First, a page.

Three days into a one week trip a few years ago,
during late fall,
at the end of a long portage in Algonquin Provincial Park,
I saw an older man sitting at the edge of the water.
As I took the canoe off my shoulders and laid it down,
he half turned and smiled a brief,
almost embarrassed smile.
I walked down,
washed my face in the cold water and sat about ten feet from him.
He was eighty-two years old.
Sitting by the lake, and later sharing a campsite,
he told me a little of his story.
This was his last time on this portage —
his favorite he said —
and his last Algonquin trip.
He had been coming here since his teens.
Now even getting in and out of a canoe was difficult.
He noticed that I had a solo canoe and asked me if I was paddling alone.
He tried to come up every year,
and usually now in late fall when the park was empty
and the leaves a kaleidoscope of color.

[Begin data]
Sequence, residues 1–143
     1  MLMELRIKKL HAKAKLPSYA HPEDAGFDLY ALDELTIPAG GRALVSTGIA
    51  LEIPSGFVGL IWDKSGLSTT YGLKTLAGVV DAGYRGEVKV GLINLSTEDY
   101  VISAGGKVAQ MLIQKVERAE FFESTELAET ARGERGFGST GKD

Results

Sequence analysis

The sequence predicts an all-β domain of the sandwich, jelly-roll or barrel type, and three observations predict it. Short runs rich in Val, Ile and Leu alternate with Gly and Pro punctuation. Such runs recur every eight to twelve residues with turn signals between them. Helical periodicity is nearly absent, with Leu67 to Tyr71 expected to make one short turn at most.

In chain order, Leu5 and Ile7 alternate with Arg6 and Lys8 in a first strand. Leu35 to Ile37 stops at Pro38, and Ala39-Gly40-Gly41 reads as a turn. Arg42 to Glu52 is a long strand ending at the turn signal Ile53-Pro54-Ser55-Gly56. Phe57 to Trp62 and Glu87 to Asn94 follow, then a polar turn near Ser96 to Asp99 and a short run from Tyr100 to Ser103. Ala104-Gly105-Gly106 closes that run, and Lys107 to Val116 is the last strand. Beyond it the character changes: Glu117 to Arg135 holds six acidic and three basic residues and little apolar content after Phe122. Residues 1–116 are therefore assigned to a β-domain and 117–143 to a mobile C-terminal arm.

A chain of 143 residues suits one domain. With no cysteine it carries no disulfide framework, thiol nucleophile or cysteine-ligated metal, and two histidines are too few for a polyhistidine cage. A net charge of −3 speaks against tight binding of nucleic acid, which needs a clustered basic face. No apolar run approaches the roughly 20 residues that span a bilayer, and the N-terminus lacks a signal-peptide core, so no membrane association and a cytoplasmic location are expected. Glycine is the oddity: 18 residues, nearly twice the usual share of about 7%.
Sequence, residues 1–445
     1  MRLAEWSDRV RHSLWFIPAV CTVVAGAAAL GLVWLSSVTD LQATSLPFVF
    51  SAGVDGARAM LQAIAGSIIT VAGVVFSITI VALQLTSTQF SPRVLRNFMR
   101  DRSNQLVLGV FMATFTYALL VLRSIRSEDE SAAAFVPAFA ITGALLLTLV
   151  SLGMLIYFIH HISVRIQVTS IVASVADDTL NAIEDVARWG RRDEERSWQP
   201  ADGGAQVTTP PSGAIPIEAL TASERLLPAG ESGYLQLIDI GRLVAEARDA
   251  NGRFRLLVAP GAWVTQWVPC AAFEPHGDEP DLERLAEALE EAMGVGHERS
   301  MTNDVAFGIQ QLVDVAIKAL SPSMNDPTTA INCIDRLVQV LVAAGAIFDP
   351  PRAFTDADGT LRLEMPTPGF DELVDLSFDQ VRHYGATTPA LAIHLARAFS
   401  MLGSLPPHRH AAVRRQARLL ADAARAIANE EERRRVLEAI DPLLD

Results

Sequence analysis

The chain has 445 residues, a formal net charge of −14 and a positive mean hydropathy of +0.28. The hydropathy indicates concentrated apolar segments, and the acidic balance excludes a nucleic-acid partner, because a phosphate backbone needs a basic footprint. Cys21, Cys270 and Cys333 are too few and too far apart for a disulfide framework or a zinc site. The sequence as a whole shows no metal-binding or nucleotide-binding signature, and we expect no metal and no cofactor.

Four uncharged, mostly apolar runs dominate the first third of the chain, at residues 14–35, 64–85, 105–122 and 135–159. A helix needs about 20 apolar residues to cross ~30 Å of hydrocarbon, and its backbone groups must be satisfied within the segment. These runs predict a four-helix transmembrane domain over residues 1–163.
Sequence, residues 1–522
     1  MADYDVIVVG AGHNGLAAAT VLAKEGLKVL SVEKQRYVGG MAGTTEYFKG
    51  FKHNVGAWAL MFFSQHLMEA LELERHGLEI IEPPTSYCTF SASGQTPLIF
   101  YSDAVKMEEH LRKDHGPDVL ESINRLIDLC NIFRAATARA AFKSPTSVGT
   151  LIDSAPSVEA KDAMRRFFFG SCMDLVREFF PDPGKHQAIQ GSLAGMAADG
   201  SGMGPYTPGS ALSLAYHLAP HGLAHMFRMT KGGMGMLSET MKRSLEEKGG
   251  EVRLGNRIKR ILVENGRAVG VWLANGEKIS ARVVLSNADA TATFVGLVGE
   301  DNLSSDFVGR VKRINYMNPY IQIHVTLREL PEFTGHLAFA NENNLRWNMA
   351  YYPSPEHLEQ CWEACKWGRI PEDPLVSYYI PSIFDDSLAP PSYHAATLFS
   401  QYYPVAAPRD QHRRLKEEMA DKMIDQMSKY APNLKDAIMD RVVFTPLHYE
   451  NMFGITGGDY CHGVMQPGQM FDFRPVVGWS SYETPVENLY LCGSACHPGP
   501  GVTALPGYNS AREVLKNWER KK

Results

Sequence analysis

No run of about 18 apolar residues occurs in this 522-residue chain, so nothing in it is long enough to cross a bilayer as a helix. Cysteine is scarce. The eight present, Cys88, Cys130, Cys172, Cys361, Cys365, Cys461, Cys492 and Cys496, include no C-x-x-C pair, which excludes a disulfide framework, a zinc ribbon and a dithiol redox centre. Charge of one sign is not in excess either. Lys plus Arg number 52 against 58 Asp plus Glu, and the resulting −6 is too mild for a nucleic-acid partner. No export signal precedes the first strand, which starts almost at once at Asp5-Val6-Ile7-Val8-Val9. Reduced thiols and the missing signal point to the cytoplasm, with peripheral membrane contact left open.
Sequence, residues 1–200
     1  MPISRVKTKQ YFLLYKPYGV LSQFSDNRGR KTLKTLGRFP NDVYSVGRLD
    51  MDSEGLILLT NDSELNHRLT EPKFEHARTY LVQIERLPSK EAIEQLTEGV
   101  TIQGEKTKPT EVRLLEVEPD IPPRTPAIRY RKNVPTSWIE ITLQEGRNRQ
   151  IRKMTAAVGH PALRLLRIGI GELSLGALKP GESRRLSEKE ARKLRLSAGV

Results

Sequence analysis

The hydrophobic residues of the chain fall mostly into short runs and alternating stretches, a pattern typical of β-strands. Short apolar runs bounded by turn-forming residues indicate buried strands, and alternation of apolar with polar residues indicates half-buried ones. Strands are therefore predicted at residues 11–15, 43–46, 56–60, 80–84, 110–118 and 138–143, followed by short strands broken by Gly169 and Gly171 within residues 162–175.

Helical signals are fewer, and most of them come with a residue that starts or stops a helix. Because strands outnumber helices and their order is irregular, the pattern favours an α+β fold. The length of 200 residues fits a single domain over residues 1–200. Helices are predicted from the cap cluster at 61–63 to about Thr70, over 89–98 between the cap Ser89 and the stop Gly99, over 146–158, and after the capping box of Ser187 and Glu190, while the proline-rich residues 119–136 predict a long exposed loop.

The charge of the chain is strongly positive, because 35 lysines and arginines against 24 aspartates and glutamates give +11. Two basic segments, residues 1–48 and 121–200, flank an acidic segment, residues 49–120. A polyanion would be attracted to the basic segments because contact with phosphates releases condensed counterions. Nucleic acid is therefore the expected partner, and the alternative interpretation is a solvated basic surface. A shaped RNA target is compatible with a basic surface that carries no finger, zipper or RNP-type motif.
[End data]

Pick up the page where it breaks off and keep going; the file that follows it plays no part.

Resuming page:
And almost no bugs.
Northern lakes and rivers were a primary source of peace in his life.
He was saying good-bye after decades of foggy sunrises on remote lakes,
wolves howling and clear nights when you could see millions of stars.
I asked him if this final trip was sad for him.
No, not really.
Maybe in a week or two.
For now, he was just absorbing the beauty one last time,
creating memories to carry him through the last years of his life,
and thinking back on the memories he had accumulated.
We shared a few minutes of silence.
Then he said goodnight, got up, and went into his tent.
When I got up in the morning
he was gone.